In your situation, I vote the same as other answers, highlight — through bold, colour or size — the labels over the data to allow for scanning behaviour, perhaps as people are comparing specs from different products. I would also align in columns the labels and the data to help with the scanning. And once that's done you can remove the colons as the distinction is clear.
However, I think highlighting labels or values depends on the context of the data.
If in a set of data, it's not evident or could be ambiguous what the data represents, then I would highlight the labels so people can scan to what they want and then interpret the data. For example:
What the data represents is not immediately clear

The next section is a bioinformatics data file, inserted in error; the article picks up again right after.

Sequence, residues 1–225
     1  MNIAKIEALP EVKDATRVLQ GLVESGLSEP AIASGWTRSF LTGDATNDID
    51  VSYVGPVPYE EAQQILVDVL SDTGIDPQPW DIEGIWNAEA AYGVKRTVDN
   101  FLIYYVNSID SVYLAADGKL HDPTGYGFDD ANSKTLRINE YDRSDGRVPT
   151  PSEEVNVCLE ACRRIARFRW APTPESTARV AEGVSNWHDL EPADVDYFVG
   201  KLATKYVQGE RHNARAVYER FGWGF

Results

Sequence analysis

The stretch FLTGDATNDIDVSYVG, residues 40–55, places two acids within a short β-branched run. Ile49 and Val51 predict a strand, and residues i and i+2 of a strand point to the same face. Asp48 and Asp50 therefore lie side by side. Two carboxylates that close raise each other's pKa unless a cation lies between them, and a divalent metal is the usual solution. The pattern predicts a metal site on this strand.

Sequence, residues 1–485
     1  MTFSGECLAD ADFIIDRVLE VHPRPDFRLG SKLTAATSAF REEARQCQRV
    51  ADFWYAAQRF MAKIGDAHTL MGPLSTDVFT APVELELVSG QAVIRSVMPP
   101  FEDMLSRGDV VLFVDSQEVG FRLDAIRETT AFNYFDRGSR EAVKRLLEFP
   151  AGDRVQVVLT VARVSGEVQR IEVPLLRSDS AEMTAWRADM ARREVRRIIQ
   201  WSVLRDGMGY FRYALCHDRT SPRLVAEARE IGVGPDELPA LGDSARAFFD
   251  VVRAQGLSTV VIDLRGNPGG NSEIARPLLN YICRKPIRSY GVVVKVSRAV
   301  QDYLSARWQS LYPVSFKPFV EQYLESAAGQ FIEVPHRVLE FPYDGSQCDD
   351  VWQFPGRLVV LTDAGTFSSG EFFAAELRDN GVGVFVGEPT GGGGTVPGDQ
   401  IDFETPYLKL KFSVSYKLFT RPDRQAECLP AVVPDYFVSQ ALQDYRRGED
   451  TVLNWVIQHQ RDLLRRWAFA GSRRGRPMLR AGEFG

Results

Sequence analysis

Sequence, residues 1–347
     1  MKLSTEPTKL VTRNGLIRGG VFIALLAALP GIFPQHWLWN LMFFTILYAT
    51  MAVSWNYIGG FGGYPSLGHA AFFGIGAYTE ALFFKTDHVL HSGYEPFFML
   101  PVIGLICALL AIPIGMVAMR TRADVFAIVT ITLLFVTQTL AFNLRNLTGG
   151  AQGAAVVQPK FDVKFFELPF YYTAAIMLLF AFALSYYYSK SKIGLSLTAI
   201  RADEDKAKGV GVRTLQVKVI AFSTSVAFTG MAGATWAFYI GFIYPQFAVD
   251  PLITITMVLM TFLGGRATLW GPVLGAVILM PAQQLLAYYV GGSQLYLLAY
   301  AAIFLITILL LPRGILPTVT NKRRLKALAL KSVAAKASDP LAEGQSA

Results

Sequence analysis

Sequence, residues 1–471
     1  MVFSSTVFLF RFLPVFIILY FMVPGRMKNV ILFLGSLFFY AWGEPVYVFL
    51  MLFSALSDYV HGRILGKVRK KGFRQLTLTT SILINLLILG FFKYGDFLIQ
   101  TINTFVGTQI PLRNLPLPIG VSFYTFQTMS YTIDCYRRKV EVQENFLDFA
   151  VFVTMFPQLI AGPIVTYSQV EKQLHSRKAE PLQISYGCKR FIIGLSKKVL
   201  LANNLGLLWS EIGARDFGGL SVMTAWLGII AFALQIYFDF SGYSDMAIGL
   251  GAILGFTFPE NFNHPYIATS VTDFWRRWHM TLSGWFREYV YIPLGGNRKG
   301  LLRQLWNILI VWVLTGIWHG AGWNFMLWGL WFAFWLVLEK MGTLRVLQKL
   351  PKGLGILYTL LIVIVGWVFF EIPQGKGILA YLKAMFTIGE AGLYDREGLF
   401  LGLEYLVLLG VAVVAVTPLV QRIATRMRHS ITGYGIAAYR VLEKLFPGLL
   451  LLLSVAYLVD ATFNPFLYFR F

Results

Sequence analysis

Start date 16 Jan 2019
End date 16 Jan 2020
However, if the data can speak for itself in its format and the context people are seeing it, or they will see it regularly and get familiar with the structure and the labels, then highlighting the data is more immediately useful to people and more direct in its value.
What the data represents is clear
For example, in the product details page for a clothing item it may be more appropriate to bold the data:
Colour Forest green
Or, in an email or confirmation page just after you've signed up to an event:
At Benny's Bistro
Start time 7pm sharp
Guests You and one guest
Dress code Smart casual
Here's an example of an Uber email after a ride which highlights the data over the labels to good effect.
More broadly, in some cases, you are better off excluding the label completely eg:
Instead, just use